Why Malcolm Marx is so dominant for the Springboks

Malcolm Marx - ACTION PICTURES

Malcolm Marx – ACTION PICTURES

South Africa’s crushing 26-10 victory over a struggling All Blacks side on Saturday was built on raw physicality, set-piece dominance and control of the breakdown.

While the Springbok triumph was very much a team effort, they were inspired by a remarkable performance from their totemic hooker Malcolm Marx on his 50th Test appearance.

After the final whistle, South Africa head coach Jacques Nienaber described Marx as “probably the one guy who reinforces what the Springboks are all about”.

Nienaber hit the nail on the head. The South African harrier produced the perfect cocktail of explosive carrying, brutal tackling, precise line-out throwing and, most importantly, world-class jackaling that rendered New Zealand’s attacking play redundant. While Marx’s physicality around the park was crucial, the most important aspect of his game in Nelspruit was his ability at the breakdown.

Whenever the All Blacks got any sort of go-forward, they were stripped of Marx’s technical brilliance. The 28-year-old made several key tackles, destroyed New Zealand’s ruckball and won five penalties in his 55 minutes on the pitch.

It seems almost unbelievable that up to this point Marx has been used mainly as an impact piece to see out the final quarter of games, with Bongi Mbonambi often favored as first choice. On his 50th Test appearance, Marx dominated the breakdown but it took a team effort to thwart New Zealand’s attack.

South Africa’s defense brought tremendous line speed to proceedings, totally suffocating the All Blacks who were playing on the back foot as their forwards failed to get over the gain line. The Springboks didn’t want Marx to be the first tackle to give him an opportunity to get in over the ball.

Whenever the All Blacks were in possession, Marx could be seen lurking in the middle of the field, waiting for his teammates to cut down New Zealand’s carriers. On one occasion, Lukhanyo Am brought down Angus Ta’avao with Marx already in position to latch onto the ball to win a penalty. This was a recurring theme throughout this bruising Test match (see video below).

Historically, winning such penalties has been the province of flankers such as Richie McCaw, David Pocock and Sam Warburton, but front-five forwards are now increasingly among the best jackals in the world game, with Ireland’s Tadhg Beirne destroying the All Blacks at the breakdown. in their last Test series win.

“He doesn’t go chasing dead rucks”

Former Ireland international hooker Bernard Jackman, who has coached professionally with Top 14 outfit Grenoble and Welsh side Dragons, believes Marx is arguably the best exponent of breakdown play in the world.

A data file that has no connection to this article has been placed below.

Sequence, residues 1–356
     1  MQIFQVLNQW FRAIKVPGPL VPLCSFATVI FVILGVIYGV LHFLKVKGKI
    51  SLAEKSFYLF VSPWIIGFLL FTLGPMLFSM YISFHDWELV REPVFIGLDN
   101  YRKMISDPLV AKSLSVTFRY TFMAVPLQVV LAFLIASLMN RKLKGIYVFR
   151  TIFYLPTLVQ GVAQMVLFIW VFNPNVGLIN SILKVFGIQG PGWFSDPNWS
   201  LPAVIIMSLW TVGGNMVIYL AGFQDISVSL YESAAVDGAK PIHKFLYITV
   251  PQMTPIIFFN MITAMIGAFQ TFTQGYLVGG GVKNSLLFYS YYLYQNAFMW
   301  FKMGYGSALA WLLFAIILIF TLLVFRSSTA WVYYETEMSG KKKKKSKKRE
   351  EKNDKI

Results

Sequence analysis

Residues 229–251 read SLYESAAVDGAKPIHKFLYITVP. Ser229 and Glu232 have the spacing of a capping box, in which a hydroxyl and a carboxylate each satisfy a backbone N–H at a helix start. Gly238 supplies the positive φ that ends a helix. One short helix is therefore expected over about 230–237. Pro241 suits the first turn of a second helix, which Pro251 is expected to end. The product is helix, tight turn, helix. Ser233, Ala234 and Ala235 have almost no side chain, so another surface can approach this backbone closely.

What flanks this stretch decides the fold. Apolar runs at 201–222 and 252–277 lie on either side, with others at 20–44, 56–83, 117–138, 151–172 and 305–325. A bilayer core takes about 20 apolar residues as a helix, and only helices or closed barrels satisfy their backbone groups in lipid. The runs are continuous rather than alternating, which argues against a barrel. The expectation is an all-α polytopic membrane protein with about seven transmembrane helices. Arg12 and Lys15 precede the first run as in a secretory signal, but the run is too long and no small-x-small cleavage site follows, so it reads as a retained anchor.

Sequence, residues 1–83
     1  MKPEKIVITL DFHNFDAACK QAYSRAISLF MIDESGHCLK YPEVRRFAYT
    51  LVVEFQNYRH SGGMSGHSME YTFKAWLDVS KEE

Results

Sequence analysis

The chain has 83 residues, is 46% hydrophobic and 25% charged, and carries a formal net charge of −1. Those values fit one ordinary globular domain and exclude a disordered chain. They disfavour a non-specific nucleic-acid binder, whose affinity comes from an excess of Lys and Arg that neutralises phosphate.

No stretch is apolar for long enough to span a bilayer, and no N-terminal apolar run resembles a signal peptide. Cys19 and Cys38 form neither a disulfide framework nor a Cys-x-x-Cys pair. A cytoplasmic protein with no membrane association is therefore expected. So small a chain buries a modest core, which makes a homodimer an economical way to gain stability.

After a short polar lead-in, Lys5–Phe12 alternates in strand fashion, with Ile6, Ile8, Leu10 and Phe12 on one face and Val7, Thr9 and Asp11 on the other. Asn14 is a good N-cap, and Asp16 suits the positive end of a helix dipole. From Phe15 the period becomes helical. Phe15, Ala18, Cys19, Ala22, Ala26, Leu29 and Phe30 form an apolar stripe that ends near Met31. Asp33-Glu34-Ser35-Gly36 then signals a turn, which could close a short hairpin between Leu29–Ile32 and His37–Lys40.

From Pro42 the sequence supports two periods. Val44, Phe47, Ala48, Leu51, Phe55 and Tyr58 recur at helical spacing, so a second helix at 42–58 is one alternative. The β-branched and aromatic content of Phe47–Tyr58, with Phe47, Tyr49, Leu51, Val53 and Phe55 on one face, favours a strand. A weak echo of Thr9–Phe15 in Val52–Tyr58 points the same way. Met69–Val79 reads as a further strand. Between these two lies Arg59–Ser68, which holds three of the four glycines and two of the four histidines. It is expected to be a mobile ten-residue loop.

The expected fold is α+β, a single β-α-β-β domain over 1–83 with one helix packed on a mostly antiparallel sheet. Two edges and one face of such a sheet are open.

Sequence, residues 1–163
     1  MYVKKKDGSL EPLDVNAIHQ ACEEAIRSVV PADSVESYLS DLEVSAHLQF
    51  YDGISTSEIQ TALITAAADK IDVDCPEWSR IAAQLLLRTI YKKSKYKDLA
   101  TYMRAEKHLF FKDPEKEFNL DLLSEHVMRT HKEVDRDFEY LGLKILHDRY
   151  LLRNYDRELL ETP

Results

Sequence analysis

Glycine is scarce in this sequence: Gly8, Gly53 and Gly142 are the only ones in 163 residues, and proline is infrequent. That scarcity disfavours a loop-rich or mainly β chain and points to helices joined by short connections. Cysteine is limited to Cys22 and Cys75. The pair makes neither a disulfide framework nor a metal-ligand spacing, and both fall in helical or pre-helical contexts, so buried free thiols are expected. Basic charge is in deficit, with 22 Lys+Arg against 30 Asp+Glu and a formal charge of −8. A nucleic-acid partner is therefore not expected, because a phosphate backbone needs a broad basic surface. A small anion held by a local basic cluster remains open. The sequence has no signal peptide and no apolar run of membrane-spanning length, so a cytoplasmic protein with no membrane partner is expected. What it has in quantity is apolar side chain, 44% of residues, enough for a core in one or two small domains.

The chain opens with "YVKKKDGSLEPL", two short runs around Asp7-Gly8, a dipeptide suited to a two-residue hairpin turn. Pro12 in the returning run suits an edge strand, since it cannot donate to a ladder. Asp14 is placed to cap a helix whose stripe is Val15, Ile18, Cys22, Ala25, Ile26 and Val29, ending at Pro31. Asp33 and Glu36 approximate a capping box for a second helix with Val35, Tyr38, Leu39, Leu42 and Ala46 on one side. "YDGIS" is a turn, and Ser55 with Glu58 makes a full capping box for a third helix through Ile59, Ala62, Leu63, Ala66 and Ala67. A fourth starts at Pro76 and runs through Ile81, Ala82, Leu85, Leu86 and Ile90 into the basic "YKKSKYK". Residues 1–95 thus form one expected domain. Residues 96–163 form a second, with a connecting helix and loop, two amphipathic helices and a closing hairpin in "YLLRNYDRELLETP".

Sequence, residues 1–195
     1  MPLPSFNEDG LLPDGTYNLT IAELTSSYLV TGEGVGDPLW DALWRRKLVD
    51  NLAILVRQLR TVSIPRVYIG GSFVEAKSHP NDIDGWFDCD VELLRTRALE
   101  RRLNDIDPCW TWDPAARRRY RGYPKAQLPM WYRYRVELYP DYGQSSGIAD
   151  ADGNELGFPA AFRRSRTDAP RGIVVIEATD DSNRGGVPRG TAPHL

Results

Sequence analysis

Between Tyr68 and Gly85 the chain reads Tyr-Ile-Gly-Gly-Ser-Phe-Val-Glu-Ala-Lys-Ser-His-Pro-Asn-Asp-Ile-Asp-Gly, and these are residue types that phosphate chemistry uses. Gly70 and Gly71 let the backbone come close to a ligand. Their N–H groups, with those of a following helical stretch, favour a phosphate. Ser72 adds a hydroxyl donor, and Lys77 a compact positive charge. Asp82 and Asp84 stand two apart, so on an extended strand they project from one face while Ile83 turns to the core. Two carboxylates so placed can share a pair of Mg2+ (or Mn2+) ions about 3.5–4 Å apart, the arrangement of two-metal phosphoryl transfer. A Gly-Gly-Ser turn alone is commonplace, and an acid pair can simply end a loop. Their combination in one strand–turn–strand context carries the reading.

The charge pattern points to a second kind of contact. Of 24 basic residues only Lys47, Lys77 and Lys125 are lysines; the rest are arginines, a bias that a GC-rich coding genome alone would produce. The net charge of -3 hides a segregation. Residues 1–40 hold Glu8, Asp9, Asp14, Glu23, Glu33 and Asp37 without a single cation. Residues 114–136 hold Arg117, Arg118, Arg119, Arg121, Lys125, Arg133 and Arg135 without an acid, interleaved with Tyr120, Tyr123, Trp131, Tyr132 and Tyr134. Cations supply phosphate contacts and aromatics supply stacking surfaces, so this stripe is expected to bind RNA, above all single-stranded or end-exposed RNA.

“One of the great things about Malcolm Marx is that he doesn’t chase dead rucks,” Jackman said. “Some breakdown specialists will compete on almost any debris, which is not a smart thing to do, whereas Marx seems to have a real sixth sense of being able to see past the ball carrier as to who the backers are.

“He asks questions like ‘are the big boys in a good position to clear out or are the backs having to do the dirty work because the forwards are trapped elsewhere?’ So he makes the decision before he competes at the breakdown and decides if he can win a turnover or a penalty.

Malcolm Marx prepares to steal the ball - AP

Malcolm Marx prepares to steal the ball – AP

“Once he locks onto the ball, his lower body strength and ability to get into a really strong position makes him almost immovable. He also paints very good pictures for the referee.

“He’s rarely involved in the tackle and he’s always first. Technically, he’s up there with most open sides let alone front-five forwards.

“He’s like a Sam Warburton, a George Smith or a Josh Kronfeld. He’s up there with the best sevens we’ve seen to be able to dominate the breakdown.”

“You have to make him the tackler”

Marx also made some serious dents in the All Blacks’ defensive line with his carries making 24 metres. Although not massive figures in isolation, Marx is usually used to soften up opposition defenses to create space by sucking defenders into the tackling area.

Perhaps the biggest win for Marx this weekend was to prove he can have just as much of an impact at the breakdown as a starter rather than a replacement, while also making the hard hitting that his hooking rival, Mbonambi, is known for.

“Marx is strong in defense but if I were the All Blacks coaches I’d have my forwards seek him out and run straight at him next weekend,” Jackman said.

“He’s so good at the breakdown that you need to make him the tackler because then he’s on the ground and can’t steal the ball.

“He offers so much elsewhere too. He’s the best scrummaging hooker in the world by a country mile and his throw-in is perfect.

“He’s probably the best hooker in the world at the moment and when he’s in this mood he’s unplayable.”

The All Blacks must find a way to attack Marx this weekend if they are to turn their fortunes around.

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